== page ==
A four-person team of students at the University of Houston's Cullen College of Engineering has won a pair of awards for their project – a soft robotics exoskeleton – after presenting at the Excellence in Senior Design competition, held virtually by the University of Texas at Dallas on May 21.
An invention from University of Houston researchers to help children with walking disabilities has won the Southwest National Pediatric Device Innovation Consortium’s Pediatric Device Prize at this year’s South by Southwest.
Clinical Trial Suggests Brain-Machine Interface Coupled with Robot Offers Increased Benefits for Stroke Survivors
Stroke survivors who had ceased to benefit from conventional rehabilitation gained clinically significant arm movement and control by using an external robotic device powered by the patients’ own brains.
For the summer of 2020, the Cullen College of Engineering had seven Biomedical Engineering students selected for the Summer Undergraduate Research Fellowship program.
The SURF program is open to sophomores, juniors and seniors that will be not be graduating in the year of the fellowship. A 3.0 GPA is required for full-time students, and only University of Houston main campus students are eligible.
Wine has been around for millennia. Now engineers and wine experts at the University of Houston are teaming up to better understand how aroma, taste, color and other factors contribute to the experience of drinking wine.
Researchers will collect data on brain waves, motion and galvanic responses as wine experts from the UH Conrad N. Hilton College of Hotel and Restaurant Management conduct a wine tasting at 2 p.m. Friday, Jan. 18, at the Hilton University of Houston.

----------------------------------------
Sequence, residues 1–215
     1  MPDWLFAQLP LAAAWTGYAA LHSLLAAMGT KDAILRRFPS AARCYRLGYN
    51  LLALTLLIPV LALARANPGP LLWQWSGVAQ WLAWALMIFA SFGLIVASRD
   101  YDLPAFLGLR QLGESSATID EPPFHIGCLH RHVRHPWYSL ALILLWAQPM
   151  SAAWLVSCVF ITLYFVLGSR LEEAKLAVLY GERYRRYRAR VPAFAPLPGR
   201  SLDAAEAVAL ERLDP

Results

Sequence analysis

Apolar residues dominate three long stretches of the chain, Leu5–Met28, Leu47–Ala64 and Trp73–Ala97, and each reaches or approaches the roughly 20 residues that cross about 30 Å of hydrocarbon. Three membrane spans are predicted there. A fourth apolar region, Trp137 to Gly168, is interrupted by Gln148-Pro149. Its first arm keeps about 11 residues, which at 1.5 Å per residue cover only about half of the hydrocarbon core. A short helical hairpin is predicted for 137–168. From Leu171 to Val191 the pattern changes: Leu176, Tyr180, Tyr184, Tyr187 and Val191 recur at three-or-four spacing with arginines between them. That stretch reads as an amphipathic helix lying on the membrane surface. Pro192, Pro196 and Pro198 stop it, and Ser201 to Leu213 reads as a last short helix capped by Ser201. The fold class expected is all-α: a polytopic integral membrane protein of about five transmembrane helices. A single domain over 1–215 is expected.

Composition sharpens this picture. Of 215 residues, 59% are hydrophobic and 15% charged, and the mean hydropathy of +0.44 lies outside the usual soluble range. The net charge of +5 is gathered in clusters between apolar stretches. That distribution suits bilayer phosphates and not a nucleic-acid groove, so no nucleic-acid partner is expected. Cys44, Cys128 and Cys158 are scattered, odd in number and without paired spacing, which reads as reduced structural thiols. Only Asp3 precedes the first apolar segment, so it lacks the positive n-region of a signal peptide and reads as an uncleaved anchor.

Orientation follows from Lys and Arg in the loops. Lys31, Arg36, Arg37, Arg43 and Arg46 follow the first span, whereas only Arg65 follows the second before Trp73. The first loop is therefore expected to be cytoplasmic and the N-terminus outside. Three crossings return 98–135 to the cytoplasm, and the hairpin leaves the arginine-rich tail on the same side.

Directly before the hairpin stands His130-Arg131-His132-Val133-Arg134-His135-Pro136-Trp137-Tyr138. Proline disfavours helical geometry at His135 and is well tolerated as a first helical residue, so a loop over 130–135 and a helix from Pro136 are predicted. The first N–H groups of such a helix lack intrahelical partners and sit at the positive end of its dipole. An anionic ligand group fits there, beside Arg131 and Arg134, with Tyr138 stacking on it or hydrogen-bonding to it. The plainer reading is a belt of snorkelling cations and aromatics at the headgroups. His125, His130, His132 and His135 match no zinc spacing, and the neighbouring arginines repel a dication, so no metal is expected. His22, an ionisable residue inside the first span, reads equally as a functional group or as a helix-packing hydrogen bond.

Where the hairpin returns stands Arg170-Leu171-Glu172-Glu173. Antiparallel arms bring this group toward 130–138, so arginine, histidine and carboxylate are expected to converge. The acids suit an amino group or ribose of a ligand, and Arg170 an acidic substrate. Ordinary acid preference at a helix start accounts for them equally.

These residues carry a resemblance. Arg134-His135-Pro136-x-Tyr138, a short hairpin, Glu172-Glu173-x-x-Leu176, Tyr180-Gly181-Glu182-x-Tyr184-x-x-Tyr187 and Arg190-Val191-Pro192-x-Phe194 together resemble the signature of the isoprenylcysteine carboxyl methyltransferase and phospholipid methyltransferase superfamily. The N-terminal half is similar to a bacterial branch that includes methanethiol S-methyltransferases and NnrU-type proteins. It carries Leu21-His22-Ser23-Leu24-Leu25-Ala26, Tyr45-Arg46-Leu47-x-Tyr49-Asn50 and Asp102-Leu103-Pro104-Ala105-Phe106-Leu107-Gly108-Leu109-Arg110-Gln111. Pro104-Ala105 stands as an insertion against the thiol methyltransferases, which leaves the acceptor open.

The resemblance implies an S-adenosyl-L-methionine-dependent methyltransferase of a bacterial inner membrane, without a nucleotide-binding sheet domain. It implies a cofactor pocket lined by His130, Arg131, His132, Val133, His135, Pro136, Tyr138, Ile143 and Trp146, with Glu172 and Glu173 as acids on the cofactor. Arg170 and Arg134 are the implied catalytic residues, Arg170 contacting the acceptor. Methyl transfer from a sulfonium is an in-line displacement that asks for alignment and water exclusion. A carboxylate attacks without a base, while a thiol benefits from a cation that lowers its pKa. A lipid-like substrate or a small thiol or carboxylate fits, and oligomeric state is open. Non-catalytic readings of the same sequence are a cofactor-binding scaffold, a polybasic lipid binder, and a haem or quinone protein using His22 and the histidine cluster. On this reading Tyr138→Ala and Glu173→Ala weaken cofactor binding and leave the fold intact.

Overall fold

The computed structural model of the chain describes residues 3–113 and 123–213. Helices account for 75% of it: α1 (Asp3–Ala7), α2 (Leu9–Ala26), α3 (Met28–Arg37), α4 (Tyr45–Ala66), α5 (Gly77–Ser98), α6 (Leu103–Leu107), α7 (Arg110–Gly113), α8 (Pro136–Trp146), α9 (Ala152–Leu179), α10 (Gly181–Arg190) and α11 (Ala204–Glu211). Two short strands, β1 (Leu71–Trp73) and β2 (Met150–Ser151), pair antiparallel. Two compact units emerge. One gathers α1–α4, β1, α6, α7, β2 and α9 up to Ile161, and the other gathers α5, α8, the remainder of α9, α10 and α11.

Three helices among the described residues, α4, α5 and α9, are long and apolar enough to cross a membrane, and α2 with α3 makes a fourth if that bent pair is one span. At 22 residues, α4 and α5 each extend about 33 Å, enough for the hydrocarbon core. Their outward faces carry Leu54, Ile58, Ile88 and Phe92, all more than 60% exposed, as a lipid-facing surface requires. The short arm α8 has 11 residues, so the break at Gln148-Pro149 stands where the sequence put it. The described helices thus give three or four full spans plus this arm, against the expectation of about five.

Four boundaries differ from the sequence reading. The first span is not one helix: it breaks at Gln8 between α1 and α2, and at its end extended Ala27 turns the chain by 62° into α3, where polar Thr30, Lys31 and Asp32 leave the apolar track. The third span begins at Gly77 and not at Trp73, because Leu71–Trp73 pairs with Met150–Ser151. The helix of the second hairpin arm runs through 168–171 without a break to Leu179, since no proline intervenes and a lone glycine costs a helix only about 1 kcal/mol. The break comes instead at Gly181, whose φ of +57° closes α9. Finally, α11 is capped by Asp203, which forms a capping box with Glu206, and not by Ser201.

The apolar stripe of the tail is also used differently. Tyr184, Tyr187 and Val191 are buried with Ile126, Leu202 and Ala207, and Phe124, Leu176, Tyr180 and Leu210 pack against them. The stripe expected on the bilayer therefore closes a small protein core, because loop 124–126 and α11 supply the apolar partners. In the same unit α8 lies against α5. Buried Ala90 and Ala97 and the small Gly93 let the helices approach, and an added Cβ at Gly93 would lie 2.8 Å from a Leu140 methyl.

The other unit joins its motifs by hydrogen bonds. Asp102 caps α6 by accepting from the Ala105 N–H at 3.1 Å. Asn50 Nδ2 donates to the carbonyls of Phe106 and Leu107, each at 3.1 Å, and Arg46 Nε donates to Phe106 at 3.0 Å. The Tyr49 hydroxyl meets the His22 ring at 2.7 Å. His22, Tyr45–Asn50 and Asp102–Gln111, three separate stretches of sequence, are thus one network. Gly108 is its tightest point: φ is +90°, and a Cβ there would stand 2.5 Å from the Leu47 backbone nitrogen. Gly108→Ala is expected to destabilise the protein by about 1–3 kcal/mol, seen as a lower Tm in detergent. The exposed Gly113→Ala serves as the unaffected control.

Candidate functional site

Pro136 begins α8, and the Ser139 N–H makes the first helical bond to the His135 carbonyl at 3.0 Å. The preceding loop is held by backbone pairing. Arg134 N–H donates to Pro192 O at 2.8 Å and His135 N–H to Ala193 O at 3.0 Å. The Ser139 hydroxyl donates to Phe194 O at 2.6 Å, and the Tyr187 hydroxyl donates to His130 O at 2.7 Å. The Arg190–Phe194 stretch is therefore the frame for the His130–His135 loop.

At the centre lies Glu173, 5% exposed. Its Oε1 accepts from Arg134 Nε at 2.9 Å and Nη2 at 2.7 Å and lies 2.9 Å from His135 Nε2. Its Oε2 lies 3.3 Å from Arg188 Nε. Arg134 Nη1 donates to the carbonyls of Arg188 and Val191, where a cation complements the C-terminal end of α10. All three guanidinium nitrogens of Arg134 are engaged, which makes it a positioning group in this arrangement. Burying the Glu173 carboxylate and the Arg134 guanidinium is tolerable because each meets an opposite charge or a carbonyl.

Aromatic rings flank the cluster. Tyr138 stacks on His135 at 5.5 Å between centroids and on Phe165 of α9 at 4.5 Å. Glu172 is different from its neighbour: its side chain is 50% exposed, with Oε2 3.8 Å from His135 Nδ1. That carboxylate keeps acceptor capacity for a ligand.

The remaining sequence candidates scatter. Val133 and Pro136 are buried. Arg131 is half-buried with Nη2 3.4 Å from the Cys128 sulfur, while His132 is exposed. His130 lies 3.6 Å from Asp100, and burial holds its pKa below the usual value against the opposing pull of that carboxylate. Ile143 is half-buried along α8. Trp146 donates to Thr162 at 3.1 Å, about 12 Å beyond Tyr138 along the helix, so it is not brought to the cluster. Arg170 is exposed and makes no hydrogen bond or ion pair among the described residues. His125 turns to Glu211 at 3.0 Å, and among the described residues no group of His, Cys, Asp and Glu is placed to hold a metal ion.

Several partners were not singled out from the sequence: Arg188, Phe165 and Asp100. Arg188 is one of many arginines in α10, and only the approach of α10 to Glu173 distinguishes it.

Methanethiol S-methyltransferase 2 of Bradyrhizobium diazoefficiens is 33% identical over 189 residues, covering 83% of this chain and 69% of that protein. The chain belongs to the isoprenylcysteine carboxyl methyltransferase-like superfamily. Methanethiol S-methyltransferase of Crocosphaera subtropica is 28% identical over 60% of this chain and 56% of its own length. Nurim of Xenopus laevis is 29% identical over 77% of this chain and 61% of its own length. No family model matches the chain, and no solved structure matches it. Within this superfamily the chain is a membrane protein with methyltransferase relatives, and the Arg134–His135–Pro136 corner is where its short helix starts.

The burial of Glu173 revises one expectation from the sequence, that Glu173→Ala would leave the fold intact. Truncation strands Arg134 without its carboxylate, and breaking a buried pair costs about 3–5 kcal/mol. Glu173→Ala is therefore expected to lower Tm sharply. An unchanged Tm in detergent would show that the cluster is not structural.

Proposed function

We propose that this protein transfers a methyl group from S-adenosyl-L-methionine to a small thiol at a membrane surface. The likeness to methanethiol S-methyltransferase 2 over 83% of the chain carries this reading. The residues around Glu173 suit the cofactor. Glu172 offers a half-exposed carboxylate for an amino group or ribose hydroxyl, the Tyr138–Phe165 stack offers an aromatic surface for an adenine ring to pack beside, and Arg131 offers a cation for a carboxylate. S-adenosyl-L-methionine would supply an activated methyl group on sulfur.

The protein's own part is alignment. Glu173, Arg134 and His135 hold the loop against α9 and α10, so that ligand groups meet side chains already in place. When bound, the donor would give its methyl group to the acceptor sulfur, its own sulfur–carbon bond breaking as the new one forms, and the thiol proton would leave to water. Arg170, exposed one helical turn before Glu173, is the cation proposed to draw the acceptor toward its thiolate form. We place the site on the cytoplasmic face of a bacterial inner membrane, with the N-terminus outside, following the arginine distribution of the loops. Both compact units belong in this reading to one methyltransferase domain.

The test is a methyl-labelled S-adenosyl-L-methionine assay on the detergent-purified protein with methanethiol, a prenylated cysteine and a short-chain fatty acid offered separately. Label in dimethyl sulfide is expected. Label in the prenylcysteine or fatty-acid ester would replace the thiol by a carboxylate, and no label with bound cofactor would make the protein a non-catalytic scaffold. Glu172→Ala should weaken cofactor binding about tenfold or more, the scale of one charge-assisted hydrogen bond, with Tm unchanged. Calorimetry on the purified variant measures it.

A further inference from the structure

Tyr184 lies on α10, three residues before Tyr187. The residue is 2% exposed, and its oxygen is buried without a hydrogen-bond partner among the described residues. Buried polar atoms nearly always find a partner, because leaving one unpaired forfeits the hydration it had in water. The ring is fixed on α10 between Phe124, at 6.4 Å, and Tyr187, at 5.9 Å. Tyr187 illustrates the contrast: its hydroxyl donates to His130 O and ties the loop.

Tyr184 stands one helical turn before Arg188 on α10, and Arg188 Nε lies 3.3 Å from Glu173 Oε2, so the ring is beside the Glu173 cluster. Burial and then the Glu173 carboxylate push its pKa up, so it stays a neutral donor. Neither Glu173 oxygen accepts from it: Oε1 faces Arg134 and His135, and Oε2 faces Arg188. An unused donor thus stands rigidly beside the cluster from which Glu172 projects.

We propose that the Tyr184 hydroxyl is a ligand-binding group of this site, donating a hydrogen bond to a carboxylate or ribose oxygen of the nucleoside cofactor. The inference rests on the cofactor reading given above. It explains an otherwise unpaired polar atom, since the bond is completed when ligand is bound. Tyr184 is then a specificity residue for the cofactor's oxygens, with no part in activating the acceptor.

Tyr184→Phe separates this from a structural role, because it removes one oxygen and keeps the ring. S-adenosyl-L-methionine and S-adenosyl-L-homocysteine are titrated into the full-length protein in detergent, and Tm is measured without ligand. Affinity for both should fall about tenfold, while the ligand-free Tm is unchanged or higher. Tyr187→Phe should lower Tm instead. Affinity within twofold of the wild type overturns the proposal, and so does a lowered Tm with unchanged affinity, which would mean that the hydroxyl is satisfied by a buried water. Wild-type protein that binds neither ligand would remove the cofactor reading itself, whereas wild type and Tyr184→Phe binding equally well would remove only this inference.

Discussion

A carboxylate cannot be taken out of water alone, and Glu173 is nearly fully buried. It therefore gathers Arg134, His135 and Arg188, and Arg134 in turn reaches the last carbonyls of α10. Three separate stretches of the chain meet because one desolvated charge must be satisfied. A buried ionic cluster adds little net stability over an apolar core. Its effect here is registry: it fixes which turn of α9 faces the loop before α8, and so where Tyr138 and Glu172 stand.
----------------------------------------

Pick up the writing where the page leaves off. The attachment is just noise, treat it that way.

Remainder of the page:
UH Cullen College’s REU Programs Focus on Materials Science, Neurotechnologies
For 10 weeks over the summer, undergraduate students from across the U.S. became bonafide engineering researchers, working alongside some of UH Cullen College’s brightest minds to solve some of the world’s most pressing technical challenges with science and ingenuity.
Industry Partnership Supports Faster Track to Commercialize Accessible Healthcare
Researchers in Houston and elsewhere have shown that robotic systems controlled by the user’s own brain activity can help patients recovering from stroke and other disabling injuries. But the demonstrations have taken place in highly controlled settings, and none of the systems have been approved for use in clinics or patient’s homes.
Contreras-Vidal seeks to answer what happens in the brain as people create and enjoy art
Bringing together scientific research and artistic inquiry is a serious mission for the D.C. Art Science Evening Rendezvous (DASER). It offers monthly conversations about different interdisciplinary topics with invited speakers from all over America.
National Geographic explores the brilliance and creativity of Pablo Picasso in an April article titled “How Picasso’s Journey From Prodigy to Icon Revealed a Genius.” A trailblazing, legendary artist, Picasso revolutionized the art world during his lifetime and continues to awe and inspire to this day.
About 3.5 million people in America are living with some degree of paralysis related to stroke, multiple sclerosis or cerebral palsy. Nature magazine this month published an article about scientists developing technological solutions, such as neural prostheses or devices that read brain signals and help restore movement in paralyzed patients.
Researchers Demonstrate Non-Invasive Method Can Help People Re-Learn to Walk
Researchers from the University of Houston have shown for the first time that the use of a brain-computer interface augmented with a virtual walking avatar can control gait, suggesting the protocol may help patients recover the ability to walk after stroke, some spinal cord injuries and certain other gait disabilities.
In honoring scientists who support U.S. troops, the National Science Foundation (NSF) shined a light on UH Cullen College engineer Jose Contreras-Vidal for his work improving prosthetics with brain-computer interfaces.